Although exercise may be the best way to recover muscle mass, it is not always applicable. In the particular situation, we need other effective approaches to intervene muscle loss. For example, nutritional strategies may be a good choice as it limits muscle wasting and even promotes recovery of muscle atrophy (47). Long time immobilization can often lead to a decrease in responsiveness of muscle protein synthesis to amino acids. Under the condition defined as anabolic resistance, anabolic response of skeletal muscle to amino acids is not sensitive, which makes a normal diet unable to provide sufficient proteins for muscle synthesis (48). As to handle this dilemma, increasing supplementation of protein or amino acid in addition to a normal diet may overcome anabolic resistance and improve the N balance. Supplementations of both essential amino acid (EAA) and branched-chain amino acids can stimulate muscle protein synthesis and reduce muscle protein breakdown. The underlying mechanism of which remains elucidated while it may be explained partly by fact that leucine signal can activate the mTOR pathway and transcription (47). For example, free leucine, which is also called ‘nutrient signal’, is beneficial for stimulating protein synthesis and preventing protein decrease. It is detected that the mTOR pathway is activated by that and eIF4E-binding protein 1 is further phosphorylated (49). However, it is interesting to realize the supplement of sufficient nutrition does not always produce benign outcomes, because it may increase proteasome and some UPS components. Researchers demonstrate that energy intake in excess of requirements could accelerate loss of muscle mass, which may be partly explained by activated inflammation system and antioxidant defense (50). Therefore, the key point of the optimal strategy may be the proper amount of energy intake. Indeed, dietary restriction is an effective intervention to cope with immobilization-induced atrophy (51). Supplementation of adequate dietary protein (>1.5 g/kg per day) in combination with exercise training can improve muscle mass more apparently than taking just single measure alone (52).


Anti-inflammation, antioxidant and free radical scavengers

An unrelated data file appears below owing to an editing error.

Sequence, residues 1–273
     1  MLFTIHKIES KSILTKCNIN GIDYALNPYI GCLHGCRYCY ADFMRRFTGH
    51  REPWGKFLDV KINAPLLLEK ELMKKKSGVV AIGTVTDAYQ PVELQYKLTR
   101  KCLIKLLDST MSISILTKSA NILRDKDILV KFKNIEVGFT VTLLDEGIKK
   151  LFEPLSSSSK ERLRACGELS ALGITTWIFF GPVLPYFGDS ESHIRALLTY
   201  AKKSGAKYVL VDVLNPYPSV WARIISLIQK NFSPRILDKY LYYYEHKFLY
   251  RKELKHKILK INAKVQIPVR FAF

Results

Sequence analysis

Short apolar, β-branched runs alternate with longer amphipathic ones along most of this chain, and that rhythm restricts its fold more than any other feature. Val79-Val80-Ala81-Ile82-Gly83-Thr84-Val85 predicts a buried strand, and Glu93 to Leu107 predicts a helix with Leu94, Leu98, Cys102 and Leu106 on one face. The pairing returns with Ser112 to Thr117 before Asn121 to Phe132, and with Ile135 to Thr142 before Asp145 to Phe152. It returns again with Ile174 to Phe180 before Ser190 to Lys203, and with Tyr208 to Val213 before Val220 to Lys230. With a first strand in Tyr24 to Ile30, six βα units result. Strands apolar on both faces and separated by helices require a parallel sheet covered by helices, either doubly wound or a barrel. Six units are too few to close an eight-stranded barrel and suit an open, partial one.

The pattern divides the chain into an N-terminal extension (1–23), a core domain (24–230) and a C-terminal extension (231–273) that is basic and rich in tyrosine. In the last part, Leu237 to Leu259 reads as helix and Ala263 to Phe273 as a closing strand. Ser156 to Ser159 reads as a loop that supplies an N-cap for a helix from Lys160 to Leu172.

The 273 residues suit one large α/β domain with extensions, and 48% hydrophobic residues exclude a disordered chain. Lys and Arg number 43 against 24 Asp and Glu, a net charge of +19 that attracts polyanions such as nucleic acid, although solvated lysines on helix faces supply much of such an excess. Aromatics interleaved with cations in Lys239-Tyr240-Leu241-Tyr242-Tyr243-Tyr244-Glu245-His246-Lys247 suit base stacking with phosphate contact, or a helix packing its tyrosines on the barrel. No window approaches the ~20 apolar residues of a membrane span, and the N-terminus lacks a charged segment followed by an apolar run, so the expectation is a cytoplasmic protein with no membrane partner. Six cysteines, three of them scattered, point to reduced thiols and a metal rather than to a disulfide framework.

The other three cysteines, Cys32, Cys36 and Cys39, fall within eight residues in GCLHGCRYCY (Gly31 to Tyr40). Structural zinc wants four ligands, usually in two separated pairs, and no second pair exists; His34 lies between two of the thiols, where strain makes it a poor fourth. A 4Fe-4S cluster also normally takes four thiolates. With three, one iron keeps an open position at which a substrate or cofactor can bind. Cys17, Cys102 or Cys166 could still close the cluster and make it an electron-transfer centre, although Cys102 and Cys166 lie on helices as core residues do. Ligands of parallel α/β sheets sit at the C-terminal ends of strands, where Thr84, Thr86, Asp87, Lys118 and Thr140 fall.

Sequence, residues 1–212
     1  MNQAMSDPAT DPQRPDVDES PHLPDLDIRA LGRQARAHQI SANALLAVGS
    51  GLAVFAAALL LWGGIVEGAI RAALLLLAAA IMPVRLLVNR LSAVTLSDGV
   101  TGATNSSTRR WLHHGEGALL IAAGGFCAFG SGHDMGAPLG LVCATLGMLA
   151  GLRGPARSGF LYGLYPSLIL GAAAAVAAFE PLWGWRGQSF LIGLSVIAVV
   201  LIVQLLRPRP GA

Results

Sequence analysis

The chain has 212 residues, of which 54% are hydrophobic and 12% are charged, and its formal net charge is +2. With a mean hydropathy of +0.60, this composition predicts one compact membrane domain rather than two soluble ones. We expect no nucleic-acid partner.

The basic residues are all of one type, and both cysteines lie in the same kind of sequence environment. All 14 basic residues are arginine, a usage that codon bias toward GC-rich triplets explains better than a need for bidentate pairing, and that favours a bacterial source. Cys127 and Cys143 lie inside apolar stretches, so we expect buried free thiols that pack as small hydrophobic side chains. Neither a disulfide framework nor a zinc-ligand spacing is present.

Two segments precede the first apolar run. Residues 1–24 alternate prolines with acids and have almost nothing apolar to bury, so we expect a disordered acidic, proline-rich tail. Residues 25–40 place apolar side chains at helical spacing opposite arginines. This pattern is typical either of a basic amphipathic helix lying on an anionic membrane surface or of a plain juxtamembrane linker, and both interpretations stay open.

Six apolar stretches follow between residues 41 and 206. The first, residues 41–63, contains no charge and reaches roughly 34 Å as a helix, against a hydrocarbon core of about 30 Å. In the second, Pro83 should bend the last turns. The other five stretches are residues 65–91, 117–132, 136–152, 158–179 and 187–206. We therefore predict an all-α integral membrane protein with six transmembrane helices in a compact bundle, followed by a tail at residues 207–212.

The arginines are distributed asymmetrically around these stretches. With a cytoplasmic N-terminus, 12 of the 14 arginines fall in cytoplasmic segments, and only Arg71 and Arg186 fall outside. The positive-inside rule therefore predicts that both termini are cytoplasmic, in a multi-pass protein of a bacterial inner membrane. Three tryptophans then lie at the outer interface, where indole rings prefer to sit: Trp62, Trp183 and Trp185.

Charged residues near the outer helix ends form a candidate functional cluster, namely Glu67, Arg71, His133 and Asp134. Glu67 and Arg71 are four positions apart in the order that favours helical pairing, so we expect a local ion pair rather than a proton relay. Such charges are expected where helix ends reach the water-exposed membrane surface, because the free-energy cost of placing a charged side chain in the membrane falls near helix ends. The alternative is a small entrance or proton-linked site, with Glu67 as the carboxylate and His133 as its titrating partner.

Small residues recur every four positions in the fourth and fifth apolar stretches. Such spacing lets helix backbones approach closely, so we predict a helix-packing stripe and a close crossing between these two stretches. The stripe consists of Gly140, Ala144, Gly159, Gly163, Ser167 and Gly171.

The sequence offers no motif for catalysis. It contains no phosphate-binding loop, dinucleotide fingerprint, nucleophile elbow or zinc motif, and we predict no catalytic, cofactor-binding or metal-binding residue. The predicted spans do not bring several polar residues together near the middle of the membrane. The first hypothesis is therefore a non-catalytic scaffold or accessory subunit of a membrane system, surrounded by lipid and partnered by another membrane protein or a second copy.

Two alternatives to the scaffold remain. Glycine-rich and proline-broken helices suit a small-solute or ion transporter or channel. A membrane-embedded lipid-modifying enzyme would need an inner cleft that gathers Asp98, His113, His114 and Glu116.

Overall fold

The exhaustive mechanism for muscle mass loss is very complicated and associated with a lot of physiopathological changes, but protein degradation exceed synthesis can play the central role. Evidence show local inflammation and oxidative stress should be responsible for the unbalance of protein metabolism as well. Since inflammation can directly induce muscle atrophy, anti-inflammation treatment may be an effective countermeasure to reduce noxious micro-environment. For example, elimination inflammatory cytokines such as IL-1β, IL-6 can block pathways which initiate proteolysis in muscle and eventually prevent atrophy (53). Indeed, classic immunity related JAK/STAT3 pathway take part in process of atrophy inflammation, as it is found strongly activated by IL-6 and inhibition of which lead to cease of muscle wasting (54). It is reported that fish oil can alleviate muscle atrophy, due to its rich content of long-chain n-3 fatty acids (DHA and EPA) that is crucial for protein anabolism (55). N-3 fatty acids, as an anti-inflammation nutrient, enhance insulin-sensitive protein anabolism through the Akt/mTOR/S6K1 pathway (56). A recent research found that S-allyl cysteine (SAC), an active component of garlic, has an anti-atrophic role in TNF α induced muscle atrophy model by regulating multiple proteolytic systems. Furthermore, suppressing of inflammatory molecules such as TNF α, IL-6, IL-1 β, TNF-like weak inducer of apoptosis (TWEAK), fibroblast growth factor-inducible 14 (Fn14) and NOx were all detected, and these molecules were known as contributors of atrophy (57). Similar results have been obtained with antioxidant treatment (58). Antioxidant can reduce oxidative stress in cells, while stress situation will aggravate muscle protein hydrolyzation. For example, Resveratrol, a well-known antioxidant, was proved to help contain muscle loss, which may function by the decrease of glutathione (59). Other antioxidants such as vitamin E, soya protein have also been studied and proved beneficial for limitation of muscle wasting. Surprisingly, chromium can improve skeletal muscle atrophy via controlling the UPS and AKT pathway (60). Free radical scavengers may be a hopeful treatment to prevent muscle atrophy. In a randomized pilot study in hemiparetic stoke patients, researchers found those receiving edaravone for a comparative long time can walk faster than the control group, and their femoral muscle atrophy was also significantly milder, which demonstrate long-term administration of free radical scavenger may prevent muscle atrophy thereby improving locomotor function (61).